Learning design in higher education

roseville bridge

Photo by James Norton

In the courses I teach for academics at Sydney Uni, we approach learning design using constructive alignment, developed by John Biggs in 1996, and explained by him here.

We provide some resources and suggestions on how to develop learning outcomes, we point to Bloom’s taxonomy (which I know some people really dislike!), and also the SOLO taxonomy, which was developed by Biggs and Collis, and seems a more natural fit with constructive alignment than Bloom’s.

One of the good things about constructive alignment is that it’s been around long enough for people to have done some research on it. Wang and colleagues in 2013 found that ‘students in more constructively aligned courses were more likely to adopt deep learning approaches and less likely to use surface learning approaches in their study of a particular course.’ Larkin and Richardson found ‘evidence of improvement in student satisfaction and academic grades as a result of implementing constructive alignment.’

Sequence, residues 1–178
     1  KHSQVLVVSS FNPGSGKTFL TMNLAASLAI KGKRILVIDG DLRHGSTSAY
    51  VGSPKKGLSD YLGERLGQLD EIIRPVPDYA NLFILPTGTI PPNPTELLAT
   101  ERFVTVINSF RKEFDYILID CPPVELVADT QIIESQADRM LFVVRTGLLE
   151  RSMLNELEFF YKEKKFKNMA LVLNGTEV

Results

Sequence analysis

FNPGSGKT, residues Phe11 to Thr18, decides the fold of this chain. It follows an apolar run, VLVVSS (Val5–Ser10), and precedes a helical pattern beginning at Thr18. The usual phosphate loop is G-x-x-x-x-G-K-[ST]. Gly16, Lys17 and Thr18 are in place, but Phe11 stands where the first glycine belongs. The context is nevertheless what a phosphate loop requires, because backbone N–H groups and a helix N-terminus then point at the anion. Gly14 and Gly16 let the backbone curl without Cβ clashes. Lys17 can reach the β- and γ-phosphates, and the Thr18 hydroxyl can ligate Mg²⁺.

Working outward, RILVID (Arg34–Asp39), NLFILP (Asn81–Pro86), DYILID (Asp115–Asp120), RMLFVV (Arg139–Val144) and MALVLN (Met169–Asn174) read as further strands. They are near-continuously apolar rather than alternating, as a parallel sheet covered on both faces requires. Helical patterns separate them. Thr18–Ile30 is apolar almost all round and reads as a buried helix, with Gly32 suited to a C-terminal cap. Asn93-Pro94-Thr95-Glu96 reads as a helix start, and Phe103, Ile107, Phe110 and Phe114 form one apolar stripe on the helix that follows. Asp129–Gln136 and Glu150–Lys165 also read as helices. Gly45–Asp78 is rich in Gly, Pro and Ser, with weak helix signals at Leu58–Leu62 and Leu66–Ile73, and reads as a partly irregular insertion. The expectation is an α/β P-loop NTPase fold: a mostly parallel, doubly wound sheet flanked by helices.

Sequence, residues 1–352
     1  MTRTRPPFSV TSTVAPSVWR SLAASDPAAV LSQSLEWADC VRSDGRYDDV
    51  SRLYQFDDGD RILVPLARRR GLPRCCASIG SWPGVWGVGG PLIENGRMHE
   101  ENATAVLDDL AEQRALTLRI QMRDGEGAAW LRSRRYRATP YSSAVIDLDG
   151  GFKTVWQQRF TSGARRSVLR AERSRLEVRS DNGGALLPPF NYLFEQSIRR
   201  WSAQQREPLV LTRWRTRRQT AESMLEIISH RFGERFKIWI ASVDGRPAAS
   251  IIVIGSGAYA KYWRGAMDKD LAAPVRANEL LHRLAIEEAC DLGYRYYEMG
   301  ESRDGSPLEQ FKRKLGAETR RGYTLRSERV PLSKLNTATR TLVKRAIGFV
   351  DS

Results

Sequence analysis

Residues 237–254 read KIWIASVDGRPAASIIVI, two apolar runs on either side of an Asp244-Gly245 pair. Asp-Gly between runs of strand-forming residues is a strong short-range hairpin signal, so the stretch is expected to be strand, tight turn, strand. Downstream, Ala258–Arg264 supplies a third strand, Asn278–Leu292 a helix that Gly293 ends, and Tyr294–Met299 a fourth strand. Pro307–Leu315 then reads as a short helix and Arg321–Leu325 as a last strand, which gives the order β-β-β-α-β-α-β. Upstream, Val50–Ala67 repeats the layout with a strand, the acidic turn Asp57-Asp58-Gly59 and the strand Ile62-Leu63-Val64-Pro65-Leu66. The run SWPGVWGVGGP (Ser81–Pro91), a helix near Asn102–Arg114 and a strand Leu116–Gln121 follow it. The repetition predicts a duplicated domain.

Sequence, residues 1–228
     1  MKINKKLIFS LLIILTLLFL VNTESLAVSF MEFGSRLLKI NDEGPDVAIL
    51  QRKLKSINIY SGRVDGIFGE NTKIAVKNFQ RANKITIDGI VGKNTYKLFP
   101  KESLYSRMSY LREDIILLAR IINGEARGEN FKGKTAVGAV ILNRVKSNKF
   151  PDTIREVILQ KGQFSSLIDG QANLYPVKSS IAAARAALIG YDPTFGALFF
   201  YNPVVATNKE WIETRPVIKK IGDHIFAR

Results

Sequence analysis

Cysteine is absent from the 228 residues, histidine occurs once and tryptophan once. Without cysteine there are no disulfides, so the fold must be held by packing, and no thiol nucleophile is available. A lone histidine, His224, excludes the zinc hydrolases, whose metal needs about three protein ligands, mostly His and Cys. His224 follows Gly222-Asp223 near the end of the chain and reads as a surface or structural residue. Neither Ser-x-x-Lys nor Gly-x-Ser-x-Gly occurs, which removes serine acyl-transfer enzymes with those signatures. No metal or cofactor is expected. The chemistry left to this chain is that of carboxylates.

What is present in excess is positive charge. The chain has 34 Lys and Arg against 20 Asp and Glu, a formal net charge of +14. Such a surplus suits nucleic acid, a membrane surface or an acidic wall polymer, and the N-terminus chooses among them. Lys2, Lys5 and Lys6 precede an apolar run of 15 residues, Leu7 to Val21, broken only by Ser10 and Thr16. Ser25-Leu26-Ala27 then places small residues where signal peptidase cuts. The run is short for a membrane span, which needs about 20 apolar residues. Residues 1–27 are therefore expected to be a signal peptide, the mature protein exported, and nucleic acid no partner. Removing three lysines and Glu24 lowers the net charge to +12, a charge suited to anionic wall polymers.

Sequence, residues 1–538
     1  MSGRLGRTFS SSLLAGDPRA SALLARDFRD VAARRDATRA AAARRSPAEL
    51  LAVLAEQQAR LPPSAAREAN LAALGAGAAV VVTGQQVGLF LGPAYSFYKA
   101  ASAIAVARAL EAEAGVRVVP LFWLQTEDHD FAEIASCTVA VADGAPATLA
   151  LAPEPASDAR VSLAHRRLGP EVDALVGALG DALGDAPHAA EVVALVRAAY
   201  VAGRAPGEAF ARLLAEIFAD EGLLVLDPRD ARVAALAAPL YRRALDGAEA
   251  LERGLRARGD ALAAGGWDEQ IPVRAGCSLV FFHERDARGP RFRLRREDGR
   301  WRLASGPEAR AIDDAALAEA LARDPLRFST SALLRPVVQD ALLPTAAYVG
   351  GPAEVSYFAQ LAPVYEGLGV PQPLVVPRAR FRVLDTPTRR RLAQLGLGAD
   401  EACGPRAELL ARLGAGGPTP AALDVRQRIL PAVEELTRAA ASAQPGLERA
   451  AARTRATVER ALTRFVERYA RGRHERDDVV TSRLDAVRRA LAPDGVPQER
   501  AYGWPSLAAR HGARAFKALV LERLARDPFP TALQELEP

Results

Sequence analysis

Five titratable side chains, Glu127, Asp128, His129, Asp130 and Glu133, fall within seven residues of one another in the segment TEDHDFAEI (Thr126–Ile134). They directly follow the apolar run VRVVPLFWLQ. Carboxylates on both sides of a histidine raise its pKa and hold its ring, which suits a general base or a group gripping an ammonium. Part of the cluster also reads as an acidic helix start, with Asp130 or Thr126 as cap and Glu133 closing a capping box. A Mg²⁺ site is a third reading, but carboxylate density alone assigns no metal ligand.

I’m currently doing the SEDA course Online Introduction to Educational Change, and one of the objectives is to gain a ‘sense of learning design from our own perspective and from the perspective of your fellow learners’. To prompt our thinking, we watched a video on the 7Cs of Learning Design, presented by Professor Gráinne Conole. Conole’s 2013 book, Designing for Learning in an Open World, looks interesting – I’ll have to add it to my reading list! I can see from the chapter titles that Conole has considered learning design from the viewpoints of different disciplines – and naturally learning design will mean different things for different disciplines – e.g. architects vs engineers vs  mathematicians.

One of things I like about the 7Cs model is the emphasis on getting feedback from your peers, and on reflection. These aspects aren’t obvious within the constructive alignment model.

I’m curious to hear from others about what models you use for learning design. Are there any fans of constructive alignment out there? Is there something about ‘blended learning’ that requires a different approach to learning design?